|Xiao Wu’s existence revolves around school, an empty
apartment and the dubious comforts in instant noodles. One
day, his routine is subtly transformed by a tenant in the apartment,
who is nursing a heartache. Their paths cross only once in
a while. Longing for human contact Xiao Wu tries all he can
to make a connection through physical and metaphorical walls
in that hour between night and day.
A meditation on absence and longing, 4:30 is
about a moment, and a boy’s attempt to cling to it, escaping
his drab reality. 4:30 traces the relationship between Zhang
Xiao Wu and his tenant Jung, a thirty-something Korean man.
Told entirely from the perspective of the boy, this story of
two very different characters is less about friendship than
about a shared experience and appreciation of solitude. 4:30
was conceived while I was filming my first feature 15. I was
doing a lot of late night shoots and would normally still be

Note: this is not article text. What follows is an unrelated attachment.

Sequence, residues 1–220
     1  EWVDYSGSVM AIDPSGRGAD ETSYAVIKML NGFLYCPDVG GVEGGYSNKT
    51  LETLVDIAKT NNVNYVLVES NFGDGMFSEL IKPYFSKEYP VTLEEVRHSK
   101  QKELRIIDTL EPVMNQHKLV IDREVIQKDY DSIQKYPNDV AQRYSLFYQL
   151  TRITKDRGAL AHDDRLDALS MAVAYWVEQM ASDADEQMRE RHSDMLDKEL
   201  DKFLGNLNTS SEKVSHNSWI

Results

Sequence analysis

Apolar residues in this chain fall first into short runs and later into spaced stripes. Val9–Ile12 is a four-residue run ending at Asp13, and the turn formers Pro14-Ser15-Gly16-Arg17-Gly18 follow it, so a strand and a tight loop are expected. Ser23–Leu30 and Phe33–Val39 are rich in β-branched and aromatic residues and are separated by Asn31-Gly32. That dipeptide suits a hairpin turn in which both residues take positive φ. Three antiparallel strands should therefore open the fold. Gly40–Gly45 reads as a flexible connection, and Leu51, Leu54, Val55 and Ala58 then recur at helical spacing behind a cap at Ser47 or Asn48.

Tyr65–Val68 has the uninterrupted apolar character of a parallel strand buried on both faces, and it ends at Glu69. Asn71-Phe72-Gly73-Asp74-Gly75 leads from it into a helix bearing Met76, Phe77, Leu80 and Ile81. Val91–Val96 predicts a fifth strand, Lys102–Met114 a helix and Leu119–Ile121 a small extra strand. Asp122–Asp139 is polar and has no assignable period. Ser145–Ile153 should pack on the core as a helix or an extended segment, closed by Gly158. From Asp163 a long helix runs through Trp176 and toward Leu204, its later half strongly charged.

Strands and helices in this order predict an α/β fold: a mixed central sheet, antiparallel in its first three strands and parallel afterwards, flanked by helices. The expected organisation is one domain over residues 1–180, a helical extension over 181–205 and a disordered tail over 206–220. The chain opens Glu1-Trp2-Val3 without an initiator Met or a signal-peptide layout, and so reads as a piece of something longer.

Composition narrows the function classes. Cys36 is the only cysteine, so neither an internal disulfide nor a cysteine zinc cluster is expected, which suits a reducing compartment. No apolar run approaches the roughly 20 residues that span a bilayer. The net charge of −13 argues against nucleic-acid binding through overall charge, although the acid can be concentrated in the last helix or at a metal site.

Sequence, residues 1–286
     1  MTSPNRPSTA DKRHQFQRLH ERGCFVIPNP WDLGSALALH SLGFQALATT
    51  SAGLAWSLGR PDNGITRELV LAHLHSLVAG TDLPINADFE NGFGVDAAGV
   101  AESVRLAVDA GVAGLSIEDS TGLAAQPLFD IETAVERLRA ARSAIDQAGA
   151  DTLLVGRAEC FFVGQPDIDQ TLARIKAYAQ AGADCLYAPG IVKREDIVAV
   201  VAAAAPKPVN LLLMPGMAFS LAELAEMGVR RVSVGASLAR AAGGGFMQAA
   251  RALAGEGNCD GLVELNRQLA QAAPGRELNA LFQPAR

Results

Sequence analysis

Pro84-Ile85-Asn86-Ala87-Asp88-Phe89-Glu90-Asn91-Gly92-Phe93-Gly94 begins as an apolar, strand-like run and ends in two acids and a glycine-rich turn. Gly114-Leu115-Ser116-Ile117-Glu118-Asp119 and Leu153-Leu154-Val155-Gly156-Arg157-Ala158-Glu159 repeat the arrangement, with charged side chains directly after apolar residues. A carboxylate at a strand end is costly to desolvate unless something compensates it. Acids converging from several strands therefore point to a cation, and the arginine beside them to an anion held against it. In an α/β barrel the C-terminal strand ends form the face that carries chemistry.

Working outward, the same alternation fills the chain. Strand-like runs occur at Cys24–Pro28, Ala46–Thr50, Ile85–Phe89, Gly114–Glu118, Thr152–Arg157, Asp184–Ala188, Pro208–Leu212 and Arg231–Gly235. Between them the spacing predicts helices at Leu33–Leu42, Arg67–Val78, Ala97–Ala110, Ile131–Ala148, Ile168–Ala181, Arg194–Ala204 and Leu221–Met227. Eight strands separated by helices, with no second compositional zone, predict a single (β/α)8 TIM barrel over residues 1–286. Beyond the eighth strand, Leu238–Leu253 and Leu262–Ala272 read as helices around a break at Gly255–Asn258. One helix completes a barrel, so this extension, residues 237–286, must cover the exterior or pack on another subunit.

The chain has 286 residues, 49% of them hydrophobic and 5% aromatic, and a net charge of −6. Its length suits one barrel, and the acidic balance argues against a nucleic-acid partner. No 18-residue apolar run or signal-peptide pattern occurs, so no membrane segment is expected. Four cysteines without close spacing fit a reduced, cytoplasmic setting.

up at 4:30 am. I realised that this is a very lonely time of
the day, in fact I think probably the loneliest. It feels too
late to go to sleep yet at the same time, too late to be awake.
I’ve heard a rumour that the suicide rate at this time
is apparently the highest. The premise of 4:30 is built around
2 lonely people who share and probably find a kind of unspoken
connection through their loneliness. The reason for using a
Korean character was in part, a way of thanking the people
at Pusan especially the Pusan International Film Festival for
their tremendous support for many of my short films over the
last few years. It was also my intention to show that oneliness
is universal and cross – cultural hence there is very
little dialogue in the film 4:30. Emotions of the characters
are told through their body language like their eyes and facial
expressions, or subtle cues of their hands. This perhaps also
opens more doors to interpretation for the audience as well.
29th June 2006